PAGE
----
Former Buckingham headteacher escapes without sanctions despite '˜offering colleagues cocaine' and putting his hands down their underwear
Richard Main, 46, who worked at Bourton Meadow Academy, faced several allegations in a tribunal of misconduct and admitted trying to force his hands down an individual’s trousers but denied offering staff cocaine.
He was accused of offering cocaine to staff twice, with one count proven true “on the balance of probabilities” and one count proved false.
He claims he was intoxicated at the time.
When accused of offering another staff member cocaine, he claimed “it was just a joke”.
He also denied “attending work in an unfit state due to his alcohol intake from the previous evening”, which was alleged to have happened on March 18 2016.
He was also found guilty of making innapropriate comments to a member of staff.
In this instance, when responding to a request for leave to attend a medical appointment by an individual he said “Why, do you have chlamydia or something?”
The individual is said to have found the words “extremely distressing.”
Mr Main accepted that he had made an innapropriate joke and apologised shortly after.
The board also found Mr Main guilty of being difficult to contact/and or uncontactable following an emergency that around during the PGL trip, this was despite him being named as the 24 hour emergency contact for the trip.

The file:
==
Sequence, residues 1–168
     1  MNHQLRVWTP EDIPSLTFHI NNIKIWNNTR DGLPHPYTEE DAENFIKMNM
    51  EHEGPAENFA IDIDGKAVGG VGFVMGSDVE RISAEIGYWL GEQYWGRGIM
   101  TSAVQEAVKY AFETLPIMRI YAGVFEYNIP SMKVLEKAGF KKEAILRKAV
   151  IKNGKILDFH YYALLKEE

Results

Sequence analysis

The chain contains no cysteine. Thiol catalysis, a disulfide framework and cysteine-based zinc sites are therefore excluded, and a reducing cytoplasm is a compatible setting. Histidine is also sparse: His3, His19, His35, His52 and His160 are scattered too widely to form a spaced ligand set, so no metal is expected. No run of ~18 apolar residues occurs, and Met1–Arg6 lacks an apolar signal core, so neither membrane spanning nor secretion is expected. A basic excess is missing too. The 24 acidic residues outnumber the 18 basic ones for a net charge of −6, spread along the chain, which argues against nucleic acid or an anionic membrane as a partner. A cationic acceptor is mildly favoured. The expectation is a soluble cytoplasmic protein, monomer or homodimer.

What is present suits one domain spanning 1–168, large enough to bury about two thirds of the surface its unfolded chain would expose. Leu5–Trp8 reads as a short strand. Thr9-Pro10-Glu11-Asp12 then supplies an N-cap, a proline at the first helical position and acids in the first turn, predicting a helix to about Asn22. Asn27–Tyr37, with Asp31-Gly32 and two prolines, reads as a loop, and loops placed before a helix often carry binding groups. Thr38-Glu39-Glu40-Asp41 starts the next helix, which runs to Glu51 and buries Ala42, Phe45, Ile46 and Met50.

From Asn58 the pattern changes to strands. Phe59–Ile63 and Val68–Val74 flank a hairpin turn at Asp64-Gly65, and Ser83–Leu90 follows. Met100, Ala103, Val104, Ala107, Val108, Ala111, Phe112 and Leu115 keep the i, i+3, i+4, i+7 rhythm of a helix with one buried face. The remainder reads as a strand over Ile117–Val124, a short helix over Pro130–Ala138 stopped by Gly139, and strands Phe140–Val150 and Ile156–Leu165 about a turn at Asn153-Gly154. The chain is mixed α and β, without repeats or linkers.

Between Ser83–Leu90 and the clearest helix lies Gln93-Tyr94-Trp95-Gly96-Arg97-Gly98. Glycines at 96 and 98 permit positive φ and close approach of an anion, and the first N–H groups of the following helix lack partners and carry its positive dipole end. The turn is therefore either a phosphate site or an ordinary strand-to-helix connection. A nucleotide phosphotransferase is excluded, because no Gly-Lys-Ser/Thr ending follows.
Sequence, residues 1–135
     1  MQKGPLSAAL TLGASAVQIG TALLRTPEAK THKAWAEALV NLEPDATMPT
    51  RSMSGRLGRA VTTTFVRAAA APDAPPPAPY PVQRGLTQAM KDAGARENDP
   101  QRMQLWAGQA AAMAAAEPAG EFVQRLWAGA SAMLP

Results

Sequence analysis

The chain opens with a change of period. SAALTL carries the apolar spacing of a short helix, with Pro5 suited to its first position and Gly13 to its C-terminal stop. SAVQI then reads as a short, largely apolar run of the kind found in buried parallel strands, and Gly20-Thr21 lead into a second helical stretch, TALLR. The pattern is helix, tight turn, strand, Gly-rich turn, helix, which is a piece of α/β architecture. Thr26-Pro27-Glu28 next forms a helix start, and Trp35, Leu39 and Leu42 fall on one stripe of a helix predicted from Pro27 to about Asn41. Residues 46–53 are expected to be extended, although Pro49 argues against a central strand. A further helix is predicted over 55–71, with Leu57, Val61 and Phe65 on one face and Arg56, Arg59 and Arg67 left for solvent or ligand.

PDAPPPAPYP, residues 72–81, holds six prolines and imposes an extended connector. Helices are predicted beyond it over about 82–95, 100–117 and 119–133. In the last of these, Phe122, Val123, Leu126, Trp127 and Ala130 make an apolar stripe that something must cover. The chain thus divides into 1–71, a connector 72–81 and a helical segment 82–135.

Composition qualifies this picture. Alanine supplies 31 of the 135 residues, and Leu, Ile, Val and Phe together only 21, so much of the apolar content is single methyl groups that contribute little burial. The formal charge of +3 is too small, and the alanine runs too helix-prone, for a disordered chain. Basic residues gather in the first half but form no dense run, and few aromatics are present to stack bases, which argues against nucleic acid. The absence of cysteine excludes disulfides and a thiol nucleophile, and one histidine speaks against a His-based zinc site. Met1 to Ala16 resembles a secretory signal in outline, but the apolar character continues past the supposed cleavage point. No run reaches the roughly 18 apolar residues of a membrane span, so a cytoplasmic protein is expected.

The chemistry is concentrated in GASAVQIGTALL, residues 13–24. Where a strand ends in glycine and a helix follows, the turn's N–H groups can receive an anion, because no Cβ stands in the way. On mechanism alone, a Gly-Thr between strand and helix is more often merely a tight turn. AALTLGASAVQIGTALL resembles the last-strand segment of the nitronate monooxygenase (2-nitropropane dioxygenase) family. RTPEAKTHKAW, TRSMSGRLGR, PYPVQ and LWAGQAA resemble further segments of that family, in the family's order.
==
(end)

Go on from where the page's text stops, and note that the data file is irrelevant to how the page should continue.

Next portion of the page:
The accusations were that he was drunk, as Mr Main admitted to having drunk approximately one to one and a half bottles of wine.
A staff member had tried to contact Mr Main in an emergency, but he didn’t answer his telephone.
The deputy headteacher was staying in he same hotel as Mr Main for the conference, and tried to wake him up by knocking repeatedly on his door but to no avail.
The panel was satisfied that the conduct of Mr Main fell significantly short of the standards expected of the profession.
The board however decided that although Mr Main’s behaviour was considered poor judgement, they did not amount to serious misconduct and so do not reach the threshold for a sanction.
The board concluded that: “A number of allegations were proven, some of which amount to unacceptable professional conduct and conduct that may bring the profession into disrepute.
“However, in my view it is not necessary to impose a prohibition order to maintain public confidence in the profession.
A published decision backed up by remorse and insight in my view does satisfy the public interest requirement concerning public confidence in the profession.”